Five developments we need in the data storage market in 2013

Rich Castagna offers a list of five developments we all want to see in the data storage market in 2013 but probably won't. Why? Because vendors continue to drag their heels.

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Rich Castagna, Editorial DirectorRich Castagna offers a list of five developments that we all want to see in the data storage market in 2013 but, alas, probably won't. Why? Because vendors continue to drag their heels.

Hope springs eternal, especially at the outset of a new year. Even for a jaded, somewhat cynical, ex-New Yorker like me, the image of 12 fresh months is rejuvenating. Having survived 2012, hard-pressed storage managers can now breathe a sigh of relief and focus on the bounty that 2013 will bring.

Well … maybe. Last year was probably the busiest I've ever seen in the storage market, with the release of lots of new products, super-fast flash having an impact practically everywhere, and storage companies pursuing mergers and acquisitions like bargain-crazed shoppers at Walmart. But despite all the new developments on the tech front and the stretching of the data center into the cloud, a lot of other fundamental storage stuff had few changes.

In the spirit of the new year, here's my list of five developments that we all want to see in the data storage market in 2013 but, alas, probably won't. But it won't be because these are tough tech nuts to crack; it'll be because vendors continue to drag their heels for a variety of reasons.

  1. Real cloud storage standards. SNIA has its Cloud Data Management Interface (CDMI) standard, which on the surface looks like a good step toward standardizing cloud storage metadata to make it easier to move data among cloud services. But few vendors have signed on, and the effort is looking more like window dressing from a clutch of vendors protecting the turf they've already staked out. Other than SNIA and maybe the open-source OpenStack project, there's not much else going on with cloud storage standards. But this certainly isn't a surprise for most storage pros; storage companies protect their bottom lines by aggressively maintaining proprietary formats and protocols that make switching to competing products difficult and often too costly to consider. So why should cloud storage be any different?
  2. Let's cut big data down to size. I mean that both literally and figuratively. There's a pretty good chance we wouldn't be subject to all this big data propaganda if instead of Hadooping us into thinking we need big data this and big data that, vendors delivered products that helped us sift through our data to find the meaningful stuff without requiring Herculean efforts and a whole new set of products. At one time, data classification looked like an emerging market with companies such as Kazeon Systems, NextPage, Scentric and StoredIQ, among others. A few have since disappeared, others were scarfed up by bigger companies and some are still plugging away. Data classification could make short shrift of data analysis, but that would put the brakes on the big data juggernaut and make all those big data products look … er, less than necessary.
  3. Widely available primary storage dedupe/compression. "Widely available" is the key part of this New Year's wish. The technology has been around for years (even decades), so that's not the problem. Vendors say it isn't so easy to add data reduction to arrays; it takes processing power and the results will never be as dramatic as with backup dedupe. We know all that, but we also know that NetApp's been doing it for years. Dell and IBM bought Ocarina and Storwize, respectively, and they've hardly been heard from since. Dare we hope that they and other storage vendors will finally step it up in 2013 and deliver something storage managers sorely need?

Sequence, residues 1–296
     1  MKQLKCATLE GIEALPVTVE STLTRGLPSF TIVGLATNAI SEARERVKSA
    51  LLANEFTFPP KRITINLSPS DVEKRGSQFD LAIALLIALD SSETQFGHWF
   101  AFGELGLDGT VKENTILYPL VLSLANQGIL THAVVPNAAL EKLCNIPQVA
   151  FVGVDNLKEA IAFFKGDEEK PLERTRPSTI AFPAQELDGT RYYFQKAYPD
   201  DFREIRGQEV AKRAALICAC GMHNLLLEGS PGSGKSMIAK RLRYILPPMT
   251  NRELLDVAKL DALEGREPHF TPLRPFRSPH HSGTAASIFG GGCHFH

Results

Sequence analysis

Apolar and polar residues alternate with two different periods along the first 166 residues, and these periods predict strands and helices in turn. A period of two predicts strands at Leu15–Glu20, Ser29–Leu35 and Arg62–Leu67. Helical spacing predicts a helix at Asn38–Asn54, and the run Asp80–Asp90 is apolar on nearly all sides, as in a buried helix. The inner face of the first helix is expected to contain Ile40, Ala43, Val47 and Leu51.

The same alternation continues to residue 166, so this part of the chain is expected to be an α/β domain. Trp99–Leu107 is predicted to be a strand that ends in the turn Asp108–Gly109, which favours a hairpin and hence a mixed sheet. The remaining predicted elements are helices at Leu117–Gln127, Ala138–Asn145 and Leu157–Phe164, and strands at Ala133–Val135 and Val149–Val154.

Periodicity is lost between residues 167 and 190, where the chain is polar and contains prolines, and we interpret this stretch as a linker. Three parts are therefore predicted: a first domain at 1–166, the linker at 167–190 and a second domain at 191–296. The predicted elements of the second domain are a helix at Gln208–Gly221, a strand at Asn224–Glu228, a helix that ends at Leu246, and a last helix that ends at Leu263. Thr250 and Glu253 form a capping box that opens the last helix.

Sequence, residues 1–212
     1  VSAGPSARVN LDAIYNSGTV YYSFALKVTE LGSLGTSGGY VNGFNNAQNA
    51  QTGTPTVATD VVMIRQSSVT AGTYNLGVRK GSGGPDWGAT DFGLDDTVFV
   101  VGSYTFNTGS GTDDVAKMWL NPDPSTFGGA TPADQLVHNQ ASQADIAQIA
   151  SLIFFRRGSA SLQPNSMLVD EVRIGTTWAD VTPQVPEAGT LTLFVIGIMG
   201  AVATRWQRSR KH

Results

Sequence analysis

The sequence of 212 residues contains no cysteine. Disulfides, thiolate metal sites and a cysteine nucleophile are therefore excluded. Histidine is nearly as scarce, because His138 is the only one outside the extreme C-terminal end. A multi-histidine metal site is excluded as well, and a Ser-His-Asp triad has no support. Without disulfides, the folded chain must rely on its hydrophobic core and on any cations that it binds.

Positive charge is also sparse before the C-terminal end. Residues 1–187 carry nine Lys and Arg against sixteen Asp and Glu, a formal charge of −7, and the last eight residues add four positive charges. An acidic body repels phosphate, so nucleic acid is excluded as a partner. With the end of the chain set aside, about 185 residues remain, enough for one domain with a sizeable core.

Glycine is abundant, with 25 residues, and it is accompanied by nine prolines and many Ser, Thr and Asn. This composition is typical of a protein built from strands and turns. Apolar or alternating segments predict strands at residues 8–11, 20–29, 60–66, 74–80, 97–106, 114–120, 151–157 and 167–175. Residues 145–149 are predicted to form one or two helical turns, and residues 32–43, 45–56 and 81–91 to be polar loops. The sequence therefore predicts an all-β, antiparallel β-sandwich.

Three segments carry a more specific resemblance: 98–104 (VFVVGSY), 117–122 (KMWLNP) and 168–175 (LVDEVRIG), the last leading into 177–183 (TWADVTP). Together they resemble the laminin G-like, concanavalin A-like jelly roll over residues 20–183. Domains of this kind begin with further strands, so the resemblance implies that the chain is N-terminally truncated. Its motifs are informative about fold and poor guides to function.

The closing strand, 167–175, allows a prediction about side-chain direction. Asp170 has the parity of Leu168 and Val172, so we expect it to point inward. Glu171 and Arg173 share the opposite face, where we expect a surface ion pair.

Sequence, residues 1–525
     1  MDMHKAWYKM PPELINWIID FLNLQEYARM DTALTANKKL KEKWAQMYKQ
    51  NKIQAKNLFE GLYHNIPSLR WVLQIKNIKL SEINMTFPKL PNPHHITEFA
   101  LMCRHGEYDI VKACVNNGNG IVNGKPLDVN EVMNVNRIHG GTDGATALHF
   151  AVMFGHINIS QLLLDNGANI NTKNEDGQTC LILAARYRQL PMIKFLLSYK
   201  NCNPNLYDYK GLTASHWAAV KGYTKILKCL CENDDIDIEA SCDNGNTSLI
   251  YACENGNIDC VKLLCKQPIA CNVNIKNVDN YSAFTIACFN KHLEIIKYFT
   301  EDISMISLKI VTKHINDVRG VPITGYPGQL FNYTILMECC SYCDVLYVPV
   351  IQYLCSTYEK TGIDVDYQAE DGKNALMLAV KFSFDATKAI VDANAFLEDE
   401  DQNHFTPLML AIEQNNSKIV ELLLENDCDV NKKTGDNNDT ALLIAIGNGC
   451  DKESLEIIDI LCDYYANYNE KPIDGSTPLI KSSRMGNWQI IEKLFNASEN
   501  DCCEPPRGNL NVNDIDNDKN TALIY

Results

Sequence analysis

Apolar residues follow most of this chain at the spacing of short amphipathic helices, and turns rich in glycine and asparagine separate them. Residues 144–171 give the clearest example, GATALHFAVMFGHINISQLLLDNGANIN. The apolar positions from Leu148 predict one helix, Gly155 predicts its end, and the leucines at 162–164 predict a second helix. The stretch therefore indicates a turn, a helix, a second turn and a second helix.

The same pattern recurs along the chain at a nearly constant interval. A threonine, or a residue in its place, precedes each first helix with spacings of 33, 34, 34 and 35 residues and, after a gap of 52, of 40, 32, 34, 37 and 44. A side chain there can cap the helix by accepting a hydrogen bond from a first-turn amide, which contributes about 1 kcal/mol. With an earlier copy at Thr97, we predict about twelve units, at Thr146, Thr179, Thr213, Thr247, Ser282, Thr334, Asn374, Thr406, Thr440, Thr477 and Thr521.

4. Serious and honest cost/benefit analysis of virtualization. When we talk to vendors about storage for virtual servers or virtual desktops, we seem to always hear how the stuff you have on your data center floor now just isn't up to the task of supporting virtualized environments. So virtualization means new storage systems -- preferably liberally laced with NAND flash -- and replacing all those bargain-basement servers and desktops with $50,000 gazillion-core colossal servers. But what happens when the network strains under that load? There are plenty of good reasons to virtualize -- easier management, disaster recovery and so on -- but it's far from the blanket solution that vendors claim even if they stick "cloud" onto their product names.
  5. Practical alternatives to RAID. RAID is approximately 25 years old and beginning to show its age as disk capacities climb to levels that make it impractical for data protection. You could just mirror everything, of course; it's about the easiest RAID implementation around and it's effective even if it's the least economical way to RAID drives. A handful of companies are trying to shake us from our RAID mindset and get us to think about alternatives like erasure codes and other variations that disperse data across a number of nodes and can withstand failures with greater resilience than RAID. The technology is there, we're just waiting for some of the major storage vendors to give it a boost.

One final thing I'd like to see in 2013: the New York Jets winning the Super Bowl. I'm not sure which is less likely to happen -- any of the above five coming to fruition in 2013 or the Jets hoisting the Lombardi trophy one more time. As John Lennon sang, "You may say I'm a dreamer …"

About the author:
Rich Castagna is editorial director of TechTarget’s Storage Media Group.

This was first published in December 2012

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